That one documents imprecision in the ActionScript 'Seek' operator. In it, I promised, "I shall presently post an example that differentiates [consistently] irregular behavior by Acrobat, re ActionScript calls, using two different sources of H.264, .mp4 files. From one of those H.264 encoders, the result is as expected, per Adobe documentation." Now follows the particulars, as demonstrated in the attached file.
/* A variant of Joel_Geraci1 at Forum, 2-2-18 - and also from D. P. Story */
var aRM = this.getAnnotsRichMedia(0); // var used to ID any Clip on first page (PDF document page# minus 1)
var rm = aRM; // get rich media annot for The Clip [RM List Position# minus 1]
if ( !rm.activated ) rm.activated=true; // activate the Clip-annot
rm.callAS("multimedia_play"); // play The Clip
In the upper instance on the attached page, this works as expected. In the lower instance, it does not work. Rather, the clip Plays, beginning at the timepoint of 0 seconds [its default Start point, upon activation].
There is a difference in the encoding of these two samples, though each is compliant with Acrobat's supported H.264, .mp4 file types.
The upper instance is the 12.9 MB output of iMovie, Version 10.1.14. Next, the clip was cropped via Handbrake, to remove the irrelevant, unwanted 'side pillars'.
The lower instance is the 2.7 MB output of Handbrake, Version 1.3.1 (2020010400). The encoding parameters include '1rf20.00'. If I understand correctly, this indicates one full Reference Frame captured every 20th frame[?].
Hypothesis: We know that data get get discarded, in the Handbrake re-encoding of the iMovie output. Does this somehow render the Timeline of the clip to be unreadable by Acrobat? I tried Handbrake at '1rf00.00'. The result was the same –– Seek point not honored; clip plays from timepoint 0 seconds.
Then there's this –– the Import to iMovie (golf swing clip) was, itself, a trim executed via Handbrake, in the first place. Which suggests that iMovie brings the Acrobat-readable timepoints back to life?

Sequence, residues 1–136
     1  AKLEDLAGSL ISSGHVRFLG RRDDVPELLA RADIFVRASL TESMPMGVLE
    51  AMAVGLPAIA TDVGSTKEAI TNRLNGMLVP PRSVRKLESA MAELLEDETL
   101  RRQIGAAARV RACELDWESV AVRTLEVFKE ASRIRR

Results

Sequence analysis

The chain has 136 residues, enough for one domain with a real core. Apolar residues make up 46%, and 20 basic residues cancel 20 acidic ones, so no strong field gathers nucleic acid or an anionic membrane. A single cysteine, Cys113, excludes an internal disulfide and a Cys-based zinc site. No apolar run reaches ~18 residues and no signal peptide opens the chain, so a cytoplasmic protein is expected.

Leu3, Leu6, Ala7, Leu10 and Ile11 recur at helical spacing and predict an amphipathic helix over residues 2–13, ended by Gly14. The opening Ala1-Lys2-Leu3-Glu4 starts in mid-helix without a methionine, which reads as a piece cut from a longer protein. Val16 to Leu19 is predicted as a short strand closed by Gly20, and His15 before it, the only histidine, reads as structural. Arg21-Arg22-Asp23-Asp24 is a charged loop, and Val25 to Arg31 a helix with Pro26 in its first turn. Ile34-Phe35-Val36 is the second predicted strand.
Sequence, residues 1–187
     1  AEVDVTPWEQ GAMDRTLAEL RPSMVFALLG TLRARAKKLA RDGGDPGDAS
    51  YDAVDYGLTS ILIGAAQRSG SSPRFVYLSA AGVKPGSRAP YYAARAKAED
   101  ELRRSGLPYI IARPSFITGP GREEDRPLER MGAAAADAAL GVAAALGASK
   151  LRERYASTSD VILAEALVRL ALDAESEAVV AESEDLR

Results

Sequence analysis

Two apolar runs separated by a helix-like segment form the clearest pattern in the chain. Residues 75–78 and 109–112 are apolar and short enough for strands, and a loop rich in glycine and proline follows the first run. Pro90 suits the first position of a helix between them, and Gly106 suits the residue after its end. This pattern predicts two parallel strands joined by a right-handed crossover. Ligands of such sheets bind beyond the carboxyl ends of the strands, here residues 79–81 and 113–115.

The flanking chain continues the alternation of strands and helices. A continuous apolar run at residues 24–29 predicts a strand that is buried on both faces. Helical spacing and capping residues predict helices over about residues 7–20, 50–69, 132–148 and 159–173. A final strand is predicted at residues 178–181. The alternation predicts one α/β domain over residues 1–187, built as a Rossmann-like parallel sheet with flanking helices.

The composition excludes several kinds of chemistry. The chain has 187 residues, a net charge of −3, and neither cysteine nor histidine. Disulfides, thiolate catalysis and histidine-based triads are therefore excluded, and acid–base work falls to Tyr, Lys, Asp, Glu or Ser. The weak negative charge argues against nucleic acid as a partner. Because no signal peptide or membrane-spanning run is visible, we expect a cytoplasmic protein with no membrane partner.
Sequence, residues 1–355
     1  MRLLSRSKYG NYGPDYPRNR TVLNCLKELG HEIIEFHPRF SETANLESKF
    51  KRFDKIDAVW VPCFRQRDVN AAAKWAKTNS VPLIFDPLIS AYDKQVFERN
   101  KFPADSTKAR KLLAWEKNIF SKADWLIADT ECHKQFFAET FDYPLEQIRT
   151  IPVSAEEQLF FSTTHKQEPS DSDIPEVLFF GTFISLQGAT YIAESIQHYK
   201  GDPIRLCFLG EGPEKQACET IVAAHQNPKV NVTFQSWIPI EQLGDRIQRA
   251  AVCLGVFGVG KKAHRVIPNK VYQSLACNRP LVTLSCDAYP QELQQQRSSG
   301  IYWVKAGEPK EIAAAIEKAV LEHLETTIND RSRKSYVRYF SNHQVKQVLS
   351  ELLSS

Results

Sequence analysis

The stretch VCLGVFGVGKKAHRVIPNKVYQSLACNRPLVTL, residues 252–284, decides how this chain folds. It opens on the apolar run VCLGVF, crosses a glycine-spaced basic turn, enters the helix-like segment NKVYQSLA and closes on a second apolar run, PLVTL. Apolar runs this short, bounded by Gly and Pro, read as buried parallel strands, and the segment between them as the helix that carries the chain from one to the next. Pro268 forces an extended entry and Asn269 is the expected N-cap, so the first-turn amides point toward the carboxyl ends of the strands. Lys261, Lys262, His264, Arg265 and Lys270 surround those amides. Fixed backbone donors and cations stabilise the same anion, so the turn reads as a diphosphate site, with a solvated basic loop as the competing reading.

Finally, let's return to the above-referenced another post of mine. Those clips that failed to seek accurately were, without exception, Handbrake re-encodes. But remember, the Seek at least went some place other than 0 sec. And, the result was, without fail, related directly [next-previous scene-change] to the Seek timepoint argument. So if Handbrake is somehow stripping off timing data, the question for Adobe engineers becomes, "How is it that Acrobat conflates designated timepoints, with next-previous scene-cuts?" And, "Why does Acrobat treat iMovie clips differently?"
I do accept workarounds, if not clumsy beyond practicable. Someone's bound to chime in with, "Well, what about 'Multimedia_nextCuePoint?" Well, what about it? Which begs the questions:
What might be a reasonable mechanism for marking, and managing, CuePoints/Chapter-marks, and such?
Adobe Media Encoder?
Is Media Encoder processing lossy? This is becoming a pricey workaround, for what presumably oughta' be working 'as is'.
How about a fudged way to batch process a CuePoint mark every, say, 10 times/sec.? That's a reasonable 'reference rate' in the realm of animation, for instance. I could live with that, for the moment. But in the larger picture, Acrobat's commenting frequency [temporal resolution] on temporal media is already 30 times/sec., so 10/sec. remains coarse.
I invite community comment, and especially look to Adobe to address this. And of course, perhaps there's simply a deficiency in my understanding of ActionScript, or of H.264 video.